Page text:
Step 3: Apply a 2nd layer of duct tape. You want these strips crossing over the first layer in an X shape. Make sure to cover from neck to hip, and over the top of the shoulder.
Watch out for hair! Our tape tearer also served as a hair holder upper 🙂
Step 4: Apply a 3rd layer of duct tape, again crossing directions with the 2nd layer. The back and forth layers function like a basket grid – holding the shape firmly.
Step 5: Cut! Using sharp scissors, slide a hand between the two shirts at the lower back and then cut up the center back of the shape.
Step 6: Wiggle out! The form is shaped!
Step 7: Build / find / jury rig a frame. You’ll need some kind of vertical post and a crossbar that is slightly narrower than your shoulders.
Use 2″ x 4″ wood to build an armor stand or pell shape
Use PVC pipe and joints to build a stand that can break apart for travel
Use a standing lamp and cross bar! I used strapping tape to afix a shoulder bar to the lamp just a little below my shoulder height.
Step 8: Stuff it! I started at the top and used packing paper to adjust the dress form to be right at my height.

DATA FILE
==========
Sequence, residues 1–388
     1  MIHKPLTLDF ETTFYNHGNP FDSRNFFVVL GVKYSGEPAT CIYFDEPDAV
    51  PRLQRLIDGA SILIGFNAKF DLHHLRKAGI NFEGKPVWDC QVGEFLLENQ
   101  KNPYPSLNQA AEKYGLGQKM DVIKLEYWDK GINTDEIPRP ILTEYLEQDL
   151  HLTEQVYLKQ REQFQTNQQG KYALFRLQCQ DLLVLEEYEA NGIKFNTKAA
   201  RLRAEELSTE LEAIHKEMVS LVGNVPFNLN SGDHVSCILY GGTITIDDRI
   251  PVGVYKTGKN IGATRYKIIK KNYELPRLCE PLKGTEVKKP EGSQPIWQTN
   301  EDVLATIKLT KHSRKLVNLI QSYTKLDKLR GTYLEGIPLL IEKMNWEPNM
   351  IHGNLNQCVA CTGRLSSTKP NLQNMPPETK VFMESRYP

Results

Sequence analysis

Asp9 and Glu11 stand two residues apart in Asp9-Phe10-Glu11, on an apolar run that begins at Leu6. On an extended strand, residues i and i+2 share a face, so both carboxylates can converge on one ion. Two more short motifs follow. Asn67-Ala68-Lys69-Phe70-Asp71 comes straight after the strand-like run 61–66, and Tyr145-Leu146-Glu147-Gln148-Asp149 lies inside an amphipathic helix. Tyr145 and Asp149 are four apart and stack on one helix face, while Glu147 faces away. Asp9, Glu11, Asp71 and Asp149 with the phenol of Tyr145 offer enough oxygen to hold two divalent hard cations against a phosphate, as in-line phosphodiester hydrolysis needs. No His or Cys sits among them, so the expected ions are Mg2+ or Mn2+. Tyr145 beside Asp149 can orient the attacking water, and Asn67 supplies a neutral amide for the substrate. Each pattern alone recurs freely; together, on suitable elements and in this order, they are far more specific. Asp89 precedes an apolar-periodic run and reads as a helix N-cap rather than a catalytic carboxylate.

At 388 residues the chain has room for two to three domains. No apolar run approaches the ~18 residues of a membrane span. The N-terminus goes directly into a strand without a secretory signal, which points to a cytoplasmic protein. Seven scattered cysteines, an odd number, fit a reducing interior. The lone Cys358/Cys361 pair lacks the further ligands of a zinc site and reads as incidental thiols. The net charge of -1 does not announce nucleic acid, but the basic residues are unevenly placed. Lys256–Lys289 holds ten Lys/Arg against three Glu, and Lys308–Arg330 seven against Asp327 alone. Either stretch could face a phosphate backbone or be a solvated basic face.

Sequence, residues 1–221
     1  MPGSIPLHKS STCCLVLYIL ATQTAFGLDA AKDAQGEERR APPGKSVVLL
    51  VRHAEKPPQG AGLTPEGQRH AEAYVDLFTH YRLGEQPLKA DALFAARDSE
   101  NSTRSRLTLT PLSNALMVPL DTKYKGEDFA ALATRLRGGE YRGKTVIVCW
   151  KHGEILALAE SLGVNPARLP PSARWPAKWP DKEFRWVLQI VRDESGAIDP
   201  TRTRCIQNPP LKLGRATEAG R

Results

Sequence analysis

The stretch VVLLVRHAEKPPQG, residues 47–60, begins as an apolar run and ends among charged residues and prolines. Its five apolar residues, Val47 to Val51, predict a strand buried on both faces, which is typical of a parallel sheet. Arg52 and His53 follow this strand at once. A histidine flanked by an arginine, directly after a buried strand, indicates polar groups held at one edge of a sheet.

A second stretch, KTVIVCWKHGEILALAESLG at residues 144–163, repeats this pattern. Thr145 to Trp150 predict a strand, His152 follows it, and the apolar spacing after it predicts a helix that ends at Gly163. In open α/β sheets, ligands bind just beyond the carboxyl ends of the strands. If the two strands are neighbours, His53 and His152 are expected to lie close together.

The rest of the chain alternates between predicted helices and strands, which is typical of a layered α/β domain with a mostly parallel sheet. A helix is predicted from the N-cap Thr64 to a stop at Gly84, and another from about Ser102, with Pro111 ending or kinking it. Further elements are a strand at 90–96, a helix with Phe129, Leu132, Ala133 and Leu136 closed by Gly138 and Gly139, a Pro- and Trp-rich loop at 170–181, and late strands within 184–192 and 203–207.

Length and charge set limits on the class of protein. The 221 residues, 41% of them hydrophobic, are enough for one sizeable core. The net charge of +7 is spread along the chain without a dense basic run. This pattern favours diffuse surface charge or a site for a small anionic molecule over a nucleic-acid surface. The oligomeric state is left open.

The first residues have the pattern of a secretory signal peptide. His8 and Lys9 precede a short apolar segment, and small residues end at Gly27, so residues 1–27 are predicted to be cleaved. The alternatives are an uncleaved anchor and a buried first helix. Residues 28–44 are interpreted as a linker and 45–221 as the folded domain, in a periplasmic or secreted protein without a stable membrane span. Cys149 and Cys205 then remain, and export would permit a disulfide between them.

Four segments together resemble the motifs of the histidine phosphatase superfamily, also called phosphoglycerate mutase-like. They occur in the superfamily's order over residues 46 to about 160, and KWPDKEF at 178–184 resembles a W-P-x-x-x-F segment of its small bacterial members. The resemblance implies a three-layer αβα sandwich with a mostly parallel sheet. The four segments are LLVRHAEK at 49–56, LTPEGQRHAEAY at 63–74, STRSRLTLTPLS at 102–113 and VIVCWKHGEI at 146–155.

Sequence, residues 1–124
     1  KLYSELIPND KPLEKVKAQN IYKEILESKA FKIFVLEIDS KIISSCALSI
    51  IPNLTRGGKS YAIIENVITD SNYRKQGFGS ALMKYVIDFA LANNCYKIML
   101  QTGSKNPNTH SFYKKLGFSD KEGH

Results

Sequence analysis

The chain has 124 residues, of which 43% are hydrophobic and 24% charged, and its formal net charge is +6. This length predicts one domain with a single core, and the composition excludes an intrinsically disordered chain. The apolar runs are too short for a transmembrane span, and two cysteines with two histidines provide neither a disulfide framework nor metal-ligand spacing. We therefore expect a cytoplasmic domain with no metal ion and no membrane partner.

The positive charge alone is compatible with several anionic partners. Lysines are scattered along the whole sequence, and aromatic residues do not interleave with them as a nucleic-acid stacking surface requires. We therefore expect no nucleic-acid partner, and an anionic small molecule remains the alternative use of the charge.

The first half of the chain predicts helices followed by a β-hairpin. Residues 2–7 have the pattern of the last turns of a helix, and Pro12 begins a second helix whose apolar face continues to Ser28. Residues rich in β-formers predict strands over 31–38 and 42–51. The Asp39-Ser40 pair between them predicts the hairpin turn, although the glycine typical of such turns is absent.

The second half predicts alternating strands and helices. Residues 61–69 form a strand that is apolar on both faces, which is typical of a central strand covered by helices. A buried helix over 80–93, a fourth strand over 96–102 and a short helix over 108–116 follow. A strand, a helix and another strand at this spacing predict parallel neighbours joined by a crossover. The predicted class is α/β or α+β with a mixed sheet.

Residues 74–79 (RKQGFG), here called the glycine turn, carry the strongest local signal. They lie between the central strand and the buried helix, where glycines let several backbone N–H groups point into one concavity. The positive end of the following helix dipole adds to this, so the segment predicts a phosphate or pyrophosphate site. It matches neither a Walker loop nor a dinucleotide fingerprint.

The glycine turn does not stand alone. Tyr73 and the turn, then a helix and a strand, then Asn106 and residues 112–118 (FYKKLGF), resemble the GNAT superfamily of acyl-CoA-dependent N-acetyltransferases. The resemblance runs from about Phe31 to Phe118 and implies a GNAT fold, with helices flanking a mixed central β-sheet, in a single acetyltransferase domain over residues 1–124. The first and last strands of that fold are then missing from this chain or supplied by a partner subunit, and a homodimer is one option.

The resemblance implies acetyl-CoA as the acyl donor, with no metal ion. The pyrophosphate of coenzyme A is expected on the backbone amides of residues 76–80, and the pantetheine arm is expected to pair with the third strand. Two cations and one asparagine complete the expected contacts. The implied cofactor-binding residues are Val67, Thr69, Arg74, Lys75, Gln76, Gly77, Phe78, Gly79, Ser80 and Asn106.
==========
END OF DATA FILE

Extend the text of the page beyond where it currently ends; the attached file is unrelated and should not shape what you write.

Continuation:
I ended up doing this in a few steps. I stuffed the very top and shoulders while it was standing up. Then angled it onto a chair to stuff the chest and upper back. Then a very supportive hubby held the entire thing upside down so I could stuff the bottom and hips of the form. A few more strips of tape across the bottom of the arms, over the neckline, and under the body of the form and voila!
Delia and Margarett kindly added some additional suggestions!
Use a dowel drying rod to hold additional strips of tape. This goes fastest with at least one tape tearer and two tape appliers.
While the form is still on -use a sharpie to mark the belly button, center of the chest, center of the back, and shoulder seams.
If you want a high neck, use a separate scrap of cloth to wrap around your neck.
Putting a tight T-shirt on the form after it’s stuck will cover any sticky edges and give your pins something to stick into.